A neighbor related that when he informed his six-year-old son of the petirah of Rav Chaim Kanievsky, zt”l, the boy burst into tears. Through sobs, he told his father that he had wanted to ask Rav Chaim a question and now he doesn’t know who to ask. He wanted to know why we have the custom to bang when we hear Haman’s name in the Megillah, but not the two times his evil wife Zeresh is mentioned in the Megillah.
I was moved by the story because it gives a glimpse into the greatness of Rav Chaim and the profound loss we are all reeling from. It wasn’t just his unparalleled knowledge and complete mastery and clarity of all areas of Torah, it was also his care for and devotion to every single Jew of whatever background. The truth is that he would have answered such a question, no less than he would have responded to an intricate question from the greatest of scholars.
It’s well known that for years Rav Chaim would hand reply to every single letter and inquiry sent to him. This was despite the fact that it required tremendous exertion and time, both of which were so precious to him.
Over two decades ago I sent Rav Chaim a letter asking his opinion about a certain matter. His reply arrived a few weeks later. In small letters, he wrote with tremendous humility, “I don’t know anything more than what is written in the Sefer HaPardes (Keansburg).” He concluded with the page number.
I had never heard of the Sefer HaPardes (this was not the Sefer HaPardes attributed to Rashi), and it took me some time before I tracked down the sefer and read what the author had to say about my question.
What struck me about Rav Chaim’s response was not only the brevity and humility of it, but also that he had taken the time to reply at all.
Rav Chaim’s published seforim are extraordinary. His breadth of knowledge and clarity are apparent in his writings. He wrote about many obscure and unfamiliar sections of Torah. He published a four-volume masterful work about ze’arim, the laws connected to agriculture and planting, in the style of the Mishna Berura.
Rav Chaim also began working on a similar work on Kodshim, the corpus of laws involving the divine service in the Bais HaMikdash, including korbanos. He printed the first volume but never printed successive volumes.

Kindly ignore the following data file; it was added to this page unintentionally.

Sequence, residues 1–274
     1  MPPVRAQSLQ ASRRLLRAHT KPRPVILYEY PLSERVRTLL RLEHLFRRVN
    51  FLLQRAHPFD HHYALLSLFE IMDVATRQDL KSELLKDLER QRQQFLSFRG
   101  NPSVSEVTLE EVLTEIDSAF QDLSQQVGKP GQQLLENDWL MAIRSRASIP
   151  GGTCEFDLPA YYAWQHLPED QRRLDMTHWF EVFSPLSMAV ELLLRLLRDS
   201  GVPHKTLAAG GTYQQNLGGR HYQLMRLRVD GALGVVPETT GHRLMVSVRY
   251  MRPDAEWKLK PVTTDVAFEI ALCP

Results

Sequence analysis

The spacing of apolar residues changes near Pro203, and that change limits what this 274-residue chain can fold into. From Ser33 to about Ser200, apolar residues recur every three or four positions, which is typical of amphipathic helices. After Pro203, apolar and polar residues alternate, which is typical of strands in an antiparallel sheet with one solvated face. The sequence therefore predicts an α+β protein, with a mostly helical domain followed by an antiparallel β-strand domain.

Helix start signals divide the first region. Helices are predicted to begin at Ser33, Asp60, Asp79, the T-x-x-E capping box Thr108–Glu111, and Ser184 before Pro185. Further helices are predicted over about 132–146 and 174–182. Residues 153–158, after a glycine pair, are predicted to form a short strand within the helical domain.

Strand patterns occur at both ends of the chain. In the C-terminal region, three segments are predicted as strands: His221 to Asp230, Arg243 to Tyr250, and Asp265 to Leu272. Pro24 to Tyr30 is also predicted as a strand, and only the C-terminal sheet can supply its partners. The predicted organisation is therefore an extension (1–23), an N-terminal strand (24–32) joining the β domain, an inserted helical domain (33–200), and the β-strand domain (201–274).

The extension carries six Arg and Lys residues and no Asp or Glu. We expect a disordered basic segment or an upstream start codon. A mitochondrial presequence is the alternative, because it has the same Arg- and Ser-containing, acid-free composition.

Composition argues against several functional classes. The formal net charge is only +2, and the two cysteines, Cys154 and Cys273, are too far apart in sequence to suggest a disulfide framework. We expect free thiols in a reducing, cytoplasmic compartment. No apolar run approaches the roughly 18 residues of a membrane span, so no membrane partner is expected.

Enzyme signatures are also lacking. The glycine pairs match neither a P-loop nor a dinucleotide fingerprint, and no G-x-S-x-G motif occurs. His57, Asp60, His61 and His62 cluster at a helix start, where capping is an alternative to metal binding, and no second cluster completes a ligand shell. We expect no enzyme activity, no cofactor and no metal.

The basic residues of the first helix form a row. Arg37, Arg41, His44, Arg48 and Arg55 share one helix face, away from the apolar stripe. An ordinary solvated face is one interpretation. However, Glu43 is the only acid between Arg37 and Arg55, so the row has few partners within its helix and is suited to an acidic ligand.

Reb Chaim explained that because he spent so much time replying to inquiries and meeting people each day, he didn’t have time to continue the invaluable and unprecedented work.
When told that such a work would invariably benefit future generations, Rav Chaim replied that his primary responsibility is to give chizuk [spiritual encouragement] to this current generation. He felt a responsibility to help those who sought his blessing and guidance and had to prioritize that over what could be beneficial to future generations.
It is a very telling statement. Rav Chaim gave up something precious to him and the Jewish people because he felt it was more important to give chizuk to people who needed him now.
Someone once quipped that if Rav Chaim had a nickel for every person who came to his home, he would have been well off. But he never took a red cent. He gave himself over to Klal Yisrael, old and young alike, even at the expense of his own spiritual accomplishments. Each of those meetings consumed his time and sapped his energy.
On one occasion, a family member was sitting next to Rav Chaim as he was perusing letters that had arrived that day. Rav Chaim showed his relative a letter he received from a young boy. The young boy wrote that in cheder he was learning the parsha of Miketz. When Pharaoh recounts his dreams to Yosef, he says, “Behold seven cows came up achareihen – after them.” The boy wanted to know why it says achareihen and not achareihem, which would seemingly be more appropriate in Hebrew. The boy said that he asked his rebbe but his rebbe didn’t know the answer. Therefore, he was now asking Rav Chaim.